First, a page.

The mystery of God is among us (Epiphany, Year A, on 5 January 2014)

Readings
Ephesians 3.1–12
Matthew 2.1–12

Tomorrow, 6 January, is the Day of the Epiphany, which is the day we remember that once upon a time, wise men came across huge distances to worship Jesus. Epiphany is a kind of mystery story. There’s a clue: the Star of Bethlehem. There’s a dodgy villain: Herod the Great (his name even sounds dodgy, like he’s a hypnotist in a cheap nightclub). There’s no chase—but there’s a long journey from the ‘mysterious East’. And there’s mystery. There’s mystery in bucket loads.

The star is mysterious. It doesn’t behave like normal stars; it rises like a normal star but then it eventually stops—just like that!—when it gets to the place Jesus is. How does a star behave like that?

Herod tries to be mysterious, but he’s pretty transparent really. He is ‘King Herod the Great’, and no one is going to take his place. When the wise men come to ask where the recently-born ‘King of the Jews’ is, he bristles. His homicidal impulses were never far from the surface—he killed his wife Mariamne and one of his sons—and they were fully charged now. It was kill or be killed, and Herod preferred to kill.

The wise men, now they are mysterious. They come from God-alone-knows. Matthew may have pictured three, but we don’t know. They may have been astrologers or sorcerers or even priests of the Zoroastrian religion, to which the late Freddie Mercury belonged. We just don’t know. What do we know about them?—we know they weren’t members of the chosen people, they were Gentiles like most of us, and in Matthew’s story of Jesus they were the first to drop everything to find this new king.

The new king is mysterious. The story tells us that the star wasn’t specific enough to tell the wise men where the new king was, not at first. So they did what most people would do; they reported to head office. They went to the capital, to Jerusalem, to the palace, to Herod himself.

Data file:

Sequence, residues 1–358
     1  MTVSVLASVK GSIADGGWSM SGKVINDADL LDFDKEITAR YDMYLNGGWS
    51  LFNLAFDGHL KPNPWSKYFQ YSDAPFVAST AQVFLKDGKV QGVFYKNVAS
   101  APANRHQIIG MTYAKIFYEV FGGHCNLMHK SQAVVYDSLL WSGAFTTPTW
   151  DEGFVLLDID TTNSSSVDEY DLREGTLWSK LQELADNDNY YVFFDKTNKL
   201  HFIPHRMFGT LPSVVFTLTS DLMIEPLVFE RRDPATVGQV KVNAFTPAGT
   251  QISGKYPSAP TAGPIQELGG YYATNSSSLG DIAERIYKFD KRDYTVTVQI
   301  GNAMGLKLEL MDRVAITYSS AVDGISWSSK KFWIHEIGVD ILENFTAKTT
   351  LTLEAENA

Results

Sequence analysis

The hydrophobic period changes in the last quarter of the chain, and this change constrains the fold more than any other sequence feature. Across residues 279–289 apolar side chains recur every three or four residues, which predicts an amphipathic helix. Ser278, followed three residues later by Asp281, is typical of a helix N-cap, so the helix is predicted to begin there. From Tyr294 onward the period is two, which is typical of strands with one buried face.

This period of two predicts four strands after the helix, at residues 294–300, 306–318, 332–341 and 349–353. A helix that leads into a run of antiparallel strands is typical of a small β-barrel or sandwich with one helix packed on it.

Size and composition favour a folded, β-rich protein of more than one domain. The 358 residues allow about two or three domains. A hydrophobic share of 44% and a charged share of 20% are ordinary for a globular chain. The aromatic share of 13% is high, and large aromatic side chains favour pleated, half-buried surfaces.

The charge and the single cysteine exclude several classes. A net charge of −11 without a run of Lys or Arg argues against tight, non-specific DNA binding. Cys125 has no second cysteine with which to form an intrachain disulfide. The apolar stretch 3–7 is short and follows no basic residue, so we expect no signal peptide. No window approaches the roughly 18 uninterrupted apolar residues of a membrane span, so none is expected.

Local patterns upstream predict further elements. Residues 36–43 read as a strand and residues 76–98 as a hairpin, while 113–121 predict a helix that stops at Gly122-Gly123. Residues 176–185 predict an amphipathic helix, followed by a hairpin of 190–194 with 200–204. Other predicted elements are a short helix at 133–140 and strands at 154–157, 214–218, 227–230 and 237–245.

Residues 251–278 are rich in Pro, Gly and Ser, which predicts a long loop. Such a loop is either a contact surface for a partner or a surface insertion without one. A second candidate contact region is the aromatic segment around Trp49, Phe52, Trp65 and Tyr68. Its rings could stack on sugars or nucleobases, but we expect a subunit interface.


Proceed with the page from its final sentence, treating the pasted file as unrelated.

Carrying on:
They didn’t imagine that the king would be in li’l ol’ Bethlehem. They didn’t think his parents would be ordinary folk. They had costly gifts, gold, myrrh, frankincense; this newborn king may have been better off with extra blankets for the winter, or a K-Mart gift voucher.

There are mysteries wherever you look in the Epiphany story. Not mysteries that we can solve; these are mysteries we can only wonder at.

St Paul also wondered at the central mystery of the Epiphany over fifty years after Jesus was born, even though there is no sign that he even knew about the story of the wise men. He wrote (Ephesians 3.6) that the mystery was this:

the Gentiles have become fellow heirs, members of the same body, and sharers in the promise in Christ Jesus through the gospel.

In Matthew’s story of Jesus, the magi are the first Gentiles to share in the good news of Jesus—but they are far from the last.

Paul’s mission was to Gentiles, to people who hadn’t grown up in the Faith of Israel, to those who thought differently and lived very differently.

The Church is meant to be a body of diversity. There are old, young, black, white, male, female, gay, straight—and all are one in Christ.

The greatest mystery of Epiphany is that when God comes ‘down to earth’, God doesn’t come only to special people, chosen people, good people. God comes to everyone without exception. God becomes our neighbour, everyone’s neighbour.

God calls us to be keepers and heralds of this mystery: God leaves no one out, God excludes no one. We can exclude other people by our own self-righteousness, or by our fear of them; but God has come to reconcile and include people who think and live differently from one another. God’s grace is beyond our reach or our understanding.

In 2014, this congregation is called to be a place of inclusion, where no one is left out because of who they are. God welcomes all who will come and calls us to do the same—that’s the Christian mystery, that’s the wonder of God; that is our mission. Amen.

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